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The Midwife's Path to Justice



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There were no Black midwives in Missouri before Kellman came along.

In October 2015, she signed the papers with the state to launch what would become Jamaa Birth Village in Ferguson. She was already a doula at the time and had just begun training to become a certified midwife through the Midwives College of Utah. People confuse the two professions, but a doula supports the mother and looks out for her well-being throughout the birthing process. A midwife has medical training and delivers babies, while providing support before and after pregnancy.

Kellman saw a critical shortage of both Black doulas and midwives to serve Black color, especially women who weren't wealthy. It was little more than a year after Michael Brown was killed by a Ferguson police officer when she opened Jamaa, and a new incarnation of a civil rights movement that ignited in response to his death was still evolving. Kellman says she had at first resisted the idea of being an activist. And on its surface, opening a center that drew on age-old traditions to help bring babies into the world may not seem controversial.

But there was an undeniable social justice aspect in what Kellman wanted to do through Jamaa. She hoped to right a wrong and offer opportunities to women of color who had been ignored and mistreated by powerful forces in society. There was also an element of revolution in bucking the mainstream maternal health system.

"Me doing this is going to be radical first," Kellman remembers thinking back then. "And then it's going to be hard."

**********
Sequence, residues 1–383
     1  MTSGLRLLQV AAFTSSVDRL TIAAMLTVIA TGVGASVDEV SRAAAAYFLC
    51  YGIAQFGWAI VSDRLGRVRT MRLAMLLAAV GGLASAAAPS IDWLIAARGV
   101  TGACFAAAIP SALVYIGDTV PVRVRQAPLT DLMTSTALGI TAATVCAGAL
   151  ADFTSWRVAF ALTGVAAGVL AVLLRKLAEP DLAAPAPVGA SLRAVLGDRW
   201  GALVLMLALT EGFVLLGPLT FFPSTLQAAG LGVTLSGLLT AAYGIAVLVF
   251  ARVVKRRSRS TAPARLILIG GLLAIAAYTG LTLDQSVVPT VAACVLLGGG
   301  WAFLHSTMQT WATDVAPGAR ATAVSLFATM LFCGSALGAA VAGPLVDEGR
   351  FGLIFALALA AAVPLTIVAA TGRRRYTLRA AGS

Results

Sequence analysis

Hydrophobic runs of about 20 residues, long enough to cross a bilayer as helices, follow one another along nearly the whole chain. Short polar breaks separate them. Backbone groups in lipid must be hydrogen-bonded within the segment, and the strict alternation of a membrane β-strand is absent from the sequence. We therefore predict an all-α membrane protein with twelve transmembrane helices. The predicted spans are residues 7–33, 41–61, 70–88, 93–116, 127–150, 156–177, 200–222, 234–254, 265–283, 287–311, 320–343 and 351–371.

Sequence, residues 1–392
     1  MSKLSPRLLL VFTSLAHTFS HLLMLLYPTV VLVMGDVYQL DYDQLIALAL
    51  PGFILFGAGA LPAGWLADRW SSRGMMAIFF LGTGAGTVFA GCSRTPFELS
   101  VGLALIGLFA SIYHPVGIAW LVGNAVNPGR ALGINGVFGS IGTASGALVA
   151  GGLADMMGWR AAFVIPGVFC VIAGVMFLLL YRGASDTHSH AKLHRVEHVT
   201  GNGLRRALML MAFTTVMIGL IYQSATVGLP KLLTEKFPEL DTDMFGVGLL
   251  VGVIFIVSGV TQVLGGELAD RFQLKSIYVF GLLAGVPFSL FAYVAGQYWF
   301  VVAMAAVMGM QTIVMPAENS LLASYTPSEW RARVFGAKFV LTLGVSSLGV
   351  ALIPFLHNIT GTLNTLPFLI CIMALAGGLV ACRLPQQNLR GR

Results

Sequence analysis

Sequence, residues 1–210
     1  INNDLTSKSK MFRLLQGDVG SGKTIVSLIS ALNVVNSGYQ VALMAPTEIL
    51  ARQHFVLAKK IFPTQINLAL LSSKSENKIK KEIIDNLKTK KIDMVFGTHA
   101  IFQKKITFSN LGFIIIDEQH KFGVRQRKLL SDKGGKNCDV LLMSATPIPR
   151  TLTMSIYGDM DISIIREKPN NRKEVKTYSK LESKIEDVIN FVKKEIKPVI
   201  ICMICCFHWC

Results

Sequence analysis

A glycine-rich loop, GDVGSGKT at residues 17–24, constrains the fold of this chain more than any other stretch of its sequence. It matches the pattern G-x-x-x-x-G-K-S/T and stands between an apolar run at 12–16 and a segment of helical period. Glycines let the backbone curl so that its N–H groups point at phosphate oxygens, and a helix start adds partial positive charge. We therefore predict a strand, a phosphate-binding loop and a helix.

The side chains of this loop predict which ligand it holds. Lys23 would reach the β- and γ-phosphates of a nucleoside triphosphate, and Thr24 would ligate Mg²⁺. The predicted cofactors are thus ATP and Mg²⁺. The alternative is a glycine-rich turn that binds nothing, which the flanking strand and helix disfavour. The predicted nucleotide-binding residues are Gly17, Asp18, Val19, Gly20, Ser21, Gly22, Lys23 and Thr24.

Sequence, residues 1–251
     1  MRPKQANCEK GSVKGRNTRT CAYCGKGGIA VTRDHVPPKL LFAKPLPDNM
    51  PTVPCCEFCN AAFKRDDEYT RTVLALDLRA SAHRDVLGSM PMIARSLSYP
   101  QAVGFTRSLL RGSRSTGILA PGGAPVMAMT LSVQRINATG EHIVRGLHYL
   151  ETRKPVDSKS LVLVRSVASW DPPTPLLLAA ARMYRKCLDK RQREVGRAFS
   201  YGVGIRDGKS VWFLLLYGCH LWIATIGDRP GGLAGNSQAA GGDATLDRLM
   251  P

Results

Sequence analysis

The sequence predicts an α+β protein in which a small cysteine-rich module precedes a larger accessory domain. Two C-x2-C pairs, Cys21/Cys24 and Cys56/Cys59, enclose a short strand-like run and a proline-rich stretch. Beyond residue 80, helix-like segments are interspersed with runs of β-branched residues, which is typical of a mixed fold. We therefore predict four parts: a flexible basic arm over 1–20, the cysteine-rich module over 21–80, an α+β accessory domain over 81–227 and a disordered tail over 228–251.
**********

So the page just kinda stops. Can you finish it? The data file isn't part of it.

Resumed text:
Tru Kellman, center, in front of Jamaa's first home with (from left) Yvonne Smith, Noni Rogers Boyd, Haley Manning and Madyson Winn.
  • Tru Kellman, center, in front of Jamaa's first home with (from left) Yvonne Smith, Noni Rogers Boyd, Haley Manning and Madyson Winn.

One of the early obstacles was mundane but no less daunting — money. Kellman knew what kind of operation she wanted to build, but getting it started was an act of faith, not finances. Her fledgling nonprofit began with an all-volunteer crew, and they found a starter home in a Ferguson storefront. In 2018, a space that previously held an SSM Health clinic opened up on North Florissant Road. Kellman appealed to the charitable nature of the building's owner and persuaded him to sell it to Jamaa for just $50,000 — a $150,000 discount from asking price.

A frenzied capital campaign followed with a goal of raising $60,000 in 60 days. Fifty-nine days in, it had raised just $12,000. But Kellman was unbowed.

"I'm not one bit disheartened," she told the RFT's Sarah Fenske in 2018. "I will ride forth until midnight tomorrow — and keep going until the end of the month."

Her confidence was rewarded almost instantly with an influx of donations. They included a surprise gift of $45,000 from a donor representing a private foundation, giving Jamaa enough to close on the building and begin renovations.

Not long after, Kellman graduated from the Midwives College of Utah and became the first Black certified midwife in Missouri. There was still plenty of work to be done in building Jamaa, but more of the pieces were falling into place.


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